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Iran hopes a US election will solve its ‘Trump problem’

By Dr. Majid Rafizadeh

One of the characteristics of democracies in the West is that every government or administration generally comes to office for a few years, and is then replaced by another with new plans and policies. One of the strategic advantages Iran has over the West is that, without such democratic accountability, the theocratic establishment can plan decades ahead.

It is true that presidents in Iran change every four or eight years, but they do not make final decisions. Presidents and foreign ministers work for the Supreme Leader, the ultimate political and religious authority, who rules until his death and enjoys the final say in domestic and foreign policies. This continuity has given Iran a platform for a multifaceted strategy in an attempt to wait out the Trump administration.

When Donald Trump became US president, Iranian leaders knew they would have several difficult years ahead; Trump had made his intention of confronting the Iranian regime crystal clear. At the same time, because Trump did not win the popular vote, Iran’s leaders guessed that they would have to survive only four years of his administration.

Pitting Europe against the US paid off for Iran as the EU fell into its divide-and-conquer political trap. The EU also worked hard on avenues that can preserve the nuclear deal, and continues to do so

Dr. Majid Rafizadeh

Trump began by withdrawing from the Joint Comprehensive Plan of Action (JCPOA), the 2015 deal with world powers to curb Iran’s nuclear program in return for an end to sanctions. When the US re-imposed those sanctions, Iran did not immediately respond by also pulling out of the nuclear deal, for three main reasons.

First, a swift withdrawal could have tilted the European Union toward the US position and intensified the pressure on Tehran. Instead, Iran played the victim by saying it would stick to the agreement in spite of the US having pulled out. Since the US was to blame, the international community should reimburse Iran’s financial losses, it argued.

Pitting Europe against the US paid off for Iran as the EU fell into its divide-and-conquer political trap. The EU also worked hard on avenues that can preserve the nuclear deal, and continues to do so. To circumvent US sanctions that bar access to the dollar, Germany, France and the UK set up a new mechanism called the Instrument in Support of Trade Exchanges (INSTEX).

Second, by not swiftly and openly withdrawing from the nuclear deal, Tehran was also attempting to prevent the crisis from spiraling into military confrontation with the US. From Iran’s perspective, some of Trump’s officials — such as national security adviser John Bolton — would not hesitate to confront Iran militarily; and such a war would be the end of the clerical regime, because Iran’s military capabilities are much inferior to those of the US.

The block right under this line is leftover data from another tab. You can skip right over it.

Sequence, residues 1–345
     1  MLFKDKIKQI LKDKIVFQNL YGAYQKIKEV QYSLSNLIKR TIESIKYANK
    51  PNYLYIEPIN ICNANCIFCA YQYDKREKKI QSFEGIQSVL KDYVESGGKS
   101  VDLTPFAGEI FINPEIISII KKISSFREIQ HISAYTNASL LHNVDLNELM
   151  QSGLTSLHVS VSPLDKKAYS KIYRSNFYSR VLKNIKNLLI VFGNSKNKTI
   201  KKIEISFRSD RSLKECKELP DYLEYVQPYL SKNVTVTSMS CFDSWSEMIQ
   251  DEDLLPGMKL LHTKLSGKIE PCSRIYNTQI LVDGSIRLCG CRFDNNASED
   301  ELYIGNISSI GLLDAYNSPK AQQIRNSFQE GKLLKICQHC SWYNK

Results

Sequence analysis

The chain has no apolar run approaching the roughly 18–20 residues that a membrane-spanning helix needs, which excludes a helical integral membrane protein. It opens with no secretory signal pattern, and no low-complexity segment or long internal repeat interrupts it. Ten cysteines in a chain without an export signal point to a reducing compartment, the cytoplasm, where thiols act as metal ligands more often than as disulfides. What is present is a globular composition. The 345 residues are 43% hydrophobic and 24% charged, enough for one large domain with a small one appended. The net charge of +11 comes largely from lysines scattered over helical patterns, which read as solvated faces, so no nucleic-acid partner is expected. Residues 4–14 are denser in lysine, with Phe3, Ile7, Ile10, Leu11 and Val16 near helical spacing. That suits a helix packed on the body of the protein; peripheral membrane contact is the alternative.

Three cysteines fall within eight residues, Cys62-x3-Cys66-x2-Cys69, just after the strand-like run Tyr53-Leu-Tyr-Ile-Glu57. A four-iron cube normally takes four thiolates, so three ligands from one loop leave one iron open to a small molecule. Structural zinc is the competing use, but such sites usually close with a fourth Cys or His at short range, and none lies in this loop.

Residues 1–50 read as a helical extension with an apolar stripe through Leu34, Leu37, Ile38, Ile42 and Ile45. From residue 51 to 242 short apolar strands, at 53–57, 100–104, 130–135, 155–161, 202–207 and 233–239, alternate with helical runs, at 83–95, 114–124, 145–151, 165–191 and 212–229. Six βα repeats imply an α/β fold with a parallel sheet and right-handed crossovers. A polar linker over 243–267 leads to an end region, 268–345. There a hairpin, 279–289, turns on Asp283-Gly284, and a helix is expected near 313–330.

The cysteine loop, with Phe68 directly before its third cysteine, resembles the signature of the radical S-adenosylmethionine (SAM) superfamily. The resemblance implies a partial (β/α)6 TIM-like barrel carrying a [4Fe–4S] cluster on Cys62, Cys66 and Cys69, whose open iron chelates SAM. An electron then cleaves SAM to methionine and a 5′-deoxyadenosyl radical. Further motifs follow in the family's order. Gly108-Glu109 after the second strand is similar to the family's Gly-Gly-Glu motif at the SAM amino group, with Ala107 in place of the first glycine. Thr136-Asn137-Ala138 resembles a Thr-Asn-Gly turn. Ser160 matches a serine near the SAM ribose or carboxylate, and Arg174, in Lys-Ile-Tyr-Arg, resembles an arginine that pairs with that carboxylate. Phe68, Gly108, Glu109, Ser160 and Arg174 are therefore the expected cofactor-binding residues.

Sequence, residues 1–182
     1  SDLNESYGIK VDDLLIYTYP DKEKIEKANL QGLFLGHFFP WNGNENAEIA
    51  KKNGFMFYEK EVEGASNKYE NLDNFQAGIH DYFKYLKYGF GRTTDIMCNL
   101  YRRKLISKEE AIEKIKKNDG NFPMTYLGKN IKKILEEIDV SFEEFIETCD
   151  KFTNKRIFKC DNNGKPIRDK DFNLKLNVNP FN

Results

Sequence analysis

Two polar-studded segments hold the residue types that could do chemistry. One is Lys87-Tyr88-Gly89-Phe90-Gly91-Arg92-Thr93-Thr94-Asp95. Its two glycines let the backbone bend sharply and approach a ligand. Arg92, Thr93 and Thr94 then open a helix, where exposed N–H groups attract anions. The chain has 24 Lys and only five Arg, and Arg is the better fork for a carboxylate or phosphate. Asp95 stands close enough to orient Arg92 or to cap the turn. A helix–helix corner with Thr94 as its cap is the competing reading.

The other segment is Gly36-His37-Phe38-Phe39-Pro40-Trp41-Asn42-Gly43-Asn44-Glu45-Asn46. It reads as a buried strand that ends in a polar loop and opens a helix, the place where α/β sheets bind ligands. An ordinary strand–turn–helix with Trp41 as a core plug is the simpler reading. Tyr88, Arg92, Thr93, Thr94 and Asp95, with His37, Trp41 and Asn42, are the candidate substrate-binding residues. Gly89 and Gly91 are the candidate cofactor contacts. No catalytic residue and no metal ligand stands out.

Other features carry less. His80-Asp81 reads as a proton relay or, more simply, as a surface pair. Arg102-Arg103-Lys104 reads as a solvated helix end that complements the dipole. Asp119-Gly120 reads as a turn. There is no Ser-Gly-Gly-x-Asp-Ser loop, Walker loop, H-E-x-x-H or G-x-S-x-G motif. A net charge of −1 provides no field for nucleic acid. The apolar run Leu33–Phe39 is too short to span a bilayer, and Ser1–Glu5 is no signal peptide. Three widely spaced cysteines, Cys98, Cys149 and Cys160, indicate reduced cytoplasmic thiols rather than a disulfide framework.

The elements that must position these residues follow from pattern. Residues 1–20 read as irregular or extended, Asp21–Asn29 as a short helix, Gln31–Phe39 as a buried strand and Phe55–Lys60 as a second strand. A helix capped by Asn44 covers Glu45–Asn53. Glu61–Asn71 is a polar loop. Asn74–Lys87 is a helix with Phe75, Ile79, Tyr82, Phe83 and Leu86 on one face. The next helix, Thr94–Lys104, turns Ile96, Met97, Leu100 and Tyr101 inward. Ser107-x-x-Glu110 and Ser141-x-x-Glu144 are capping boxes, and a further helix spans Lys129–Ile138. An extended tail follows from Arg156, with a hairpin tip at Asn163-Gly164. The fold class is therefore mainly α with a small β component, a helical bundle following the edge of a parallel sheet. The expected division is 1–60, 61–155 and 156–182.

Third, by claiming that Iran is still adhering to the terms of the nuclear deal, Tehran is encouraging the next Democrat president to rejoin the JCPOA and lift all the sanctions imposed by Trump.  That is why, despite openly breaching the JCPOA’s limits on enriched uranium, Iran argues that these are remedial measures in response to US actions, and are both permissible and reversible.

In tandem with this strategy, the regime also deployed more hard power in the Gulf while simultaneously warning that to confront them would be a catastrophe for the world. According to President Hassan Rouhani: “Peace with Iran is the mother of peace. War with Iran is the mother of all war.” Their belief that the EU is on Iran’s side and that the US is alone has emboldened Iran’s leaders to implement such aggressive polices.

US presidential elections take place next year, and Iran’s leaders believe their wait will soon be over. We shall see.

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  • Dr. Majid Rafizadeh is a Harvard-educated Iranian-American political scientist. He is a leading expert on Iran and US foreign policy, a businessman and president of the International American Council. He serves on the boards of the Harvard International Review, the Harvard International Relations Council and the US-Middle East Chamber for Commerce and Business. Twitter: @Dr_Rafizadeh

This article was first published by arabnews